“One of the costliest railways in the world”

I’ve gotten increasingly interested in the ways in which geography shapes economic development, and vice versa.  For instance, in a video for MRUniversity called Transportation & Infrastructure in the 19th century, I discuss the difficulties of transportation in 19th Century Mexico and why railroads took so long to get established.  Here’s some notes from the video:

Cardenas (1997, 78) notes that as late as 1877, when Porfirio Diaz took over the Presidency, Mexico only had 684 km of railroad track and most of that covered the traditional route from Veracruz to Mexico City.

It had taken more than 40 years to build that track and according to a contemporary American observer it had been an extremely costly endeavor:  “Due to the wasteful methods of its construction, to its many extrinsic misfortunes, and to the enormous outlay of money required by the very difficult character of the work, this railway in proportion to its length, is one of the costliest railways in the world.” (Pletcher, 1950, 56).

There’s a new working paper on a similar topic called “Big Push or Big Grab? Railways, Government Activism, and Export Growth in Latin America” that I’m looking forward to reading this weekend. The authors are Vincent Bignon, Rui Esteves, and Alfonso Herranz-Loncán and here’s the abstract:

Railways were one of the main engines of the Latin American trade boom before 1914. Railway construction often required financial support from local governments, which depended on their fiscal capacity. But since the main government revenues were trade-related, this generated a two-way feedback between government revenues and railways with a potential for multiple equilibria. The empirical tests in this paper support the hypothesis of a positive two-way relationship. The main implication of our analysis is that the build-up of state capacity was a necessary condition for railway expansion and, given the importance of the export sector in these economies, for economic growth and divergence in the region.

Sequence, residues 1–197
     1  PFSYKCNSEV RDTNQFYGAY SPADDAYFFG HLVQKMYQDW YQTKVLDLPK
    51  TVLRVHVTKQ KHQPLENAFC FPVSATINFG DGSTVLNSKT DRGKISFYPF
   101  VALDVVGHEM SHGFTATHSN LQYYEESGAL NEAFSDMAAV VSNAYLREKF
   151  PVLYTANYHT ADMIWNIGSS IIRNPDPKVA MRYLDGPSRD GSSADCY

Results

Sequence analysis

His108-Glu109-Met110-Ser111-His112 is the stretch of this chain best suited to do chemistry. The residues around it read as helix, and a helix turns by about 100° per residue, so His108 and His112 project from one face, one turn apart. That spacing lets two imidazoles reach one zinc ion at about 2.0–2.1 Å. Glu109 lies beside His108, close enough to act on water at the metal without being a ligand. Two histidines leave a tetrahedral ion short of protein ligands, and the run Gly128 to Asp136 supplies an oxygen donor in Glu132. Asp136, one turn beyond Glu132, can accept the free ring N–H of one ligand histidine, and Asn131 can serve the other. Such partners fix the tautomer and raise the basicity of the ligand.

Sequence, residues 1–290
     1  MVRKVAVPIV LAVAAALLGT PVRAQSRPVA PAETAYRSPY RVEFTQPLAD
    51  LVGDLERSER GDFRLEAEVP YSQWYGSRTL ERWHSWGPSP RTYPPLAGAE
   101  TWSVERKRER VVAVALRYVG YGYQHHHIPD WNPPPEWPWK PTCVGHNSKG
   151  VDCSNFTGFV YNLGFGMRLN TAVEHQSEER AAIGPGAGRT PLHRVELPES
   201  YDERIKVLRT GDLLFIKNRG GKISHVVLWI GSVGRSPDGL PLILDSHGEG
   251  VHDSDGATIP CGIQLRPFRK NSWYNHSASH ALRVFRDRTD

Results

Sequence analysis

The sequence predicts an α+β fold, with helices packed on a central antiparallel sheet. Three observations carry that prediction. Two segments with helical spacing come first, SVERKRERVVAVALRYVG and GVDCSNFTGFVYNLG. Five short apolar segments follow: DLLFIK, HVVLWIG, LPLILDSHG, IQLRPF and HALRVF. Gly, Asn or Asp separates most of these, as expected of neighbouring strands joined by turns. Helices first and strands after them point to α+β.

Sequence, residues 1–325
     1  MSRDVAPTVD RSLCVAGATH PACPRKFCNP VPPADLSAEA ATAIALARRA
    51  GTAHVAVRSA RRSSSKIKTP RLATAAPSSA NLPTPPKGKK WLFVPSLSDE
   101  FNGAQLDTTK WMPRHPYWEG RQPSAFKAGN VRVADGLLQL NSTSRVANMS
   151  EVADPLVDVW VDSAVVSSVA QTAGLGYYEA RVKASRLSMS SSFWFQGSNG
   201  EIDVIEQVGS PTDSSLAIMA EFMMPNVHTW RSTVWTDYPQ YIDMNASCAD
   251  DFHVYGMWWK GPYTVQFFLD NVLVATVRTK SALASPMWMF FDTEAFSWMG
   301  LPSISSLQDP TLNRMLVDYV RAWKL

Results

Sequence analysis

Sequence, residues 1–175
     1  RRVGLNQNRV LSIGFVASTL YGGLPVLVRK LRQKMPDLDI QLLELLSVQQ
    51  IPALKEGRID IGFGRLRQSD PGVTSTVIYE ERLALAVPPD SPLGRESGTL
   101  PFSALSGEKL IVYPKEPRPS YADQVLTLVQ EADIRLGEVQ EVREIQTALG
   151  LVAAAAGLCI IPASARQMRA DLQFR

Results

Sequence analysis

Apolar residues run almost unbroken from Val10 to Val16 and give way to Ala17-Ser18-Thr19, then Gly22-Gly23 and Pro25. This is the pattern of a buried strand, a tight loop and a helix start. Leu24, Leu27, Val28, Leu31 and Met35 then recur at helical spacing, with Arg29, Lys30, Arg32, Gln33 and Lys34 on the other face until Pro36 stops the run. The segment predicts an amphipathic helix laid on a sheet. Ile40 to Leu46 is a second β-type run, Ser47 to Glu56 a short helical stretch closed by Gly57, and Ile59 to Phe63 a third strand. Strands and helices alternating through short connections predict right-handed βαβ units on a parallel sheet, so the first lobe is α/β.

Work cited:

Cárdenas, Enrique, 1997, A Macroeconomic Interpretation in Nineteenth-Century Mexico, in Stephen Haber (Ed.) How Latin America Fell Behind: Essays on the Economic Histories of Brazil and Mexico (Stanford University Press).

Pletcher, David M., 1950, The Building of the Mexican Railway, The Hispanic American Historical Review 30(1): 26-62.

Rush hour in Mexico City

The Atlantic recently had a great photoessay called Inside Mexico City’s Chaotic Underground Rush Hour.  Driving in Mexico City is always treacherous, but things come to an absolute standstill during rush hour, which seemed to expand every year we were there.  Apparently things aren’t much better on the subway, which 4 million people ride every day, making it the second busiest metro in North America behind NYC.

The photos were taken by a Spanish photographer named Héctor Mediavilla. Here are 2 of my favorite:

metro1

metro2

Intrepid Entrepreneurs

Entrepreneurs everywhere need almost a blind optimism in their vision or they probably would never undertake the investment in the first place.  In Somalia, though, this is probably even more true. While entrepreneurship is crucial to a Somalian economic recovery, it is not for the faint of heart.

The New York Times had a great piece in the magazine called Somalia’s somewhat friendly skies. Not surprisingly, the roads in the country are either of very poor quality or non-existent: “Somalia has only a handful of passable roads — and most of those are patrolled by bandits and militias.” 

So what does an enterprising young entrepreneur do?  Start an airline of course:

jubba_air

 

I love the optimism of the tagline:  the happy way to fly.  Some beg to disagree:

“One passenger described one of Jubba’s Antonovs as a piece of “Soviet dereliction” in which a family of five sat piled into three seats. “We had to board an old Russian plane. In total darkness,” an online reviewer wrote of his “flight from hell” to Hargeisa, the capital of the self-declared republic of Somaliland. “The seats had no seat belts, there are luggage and 20 boxes on back seats, not secured. . . . Avoid by all costs.”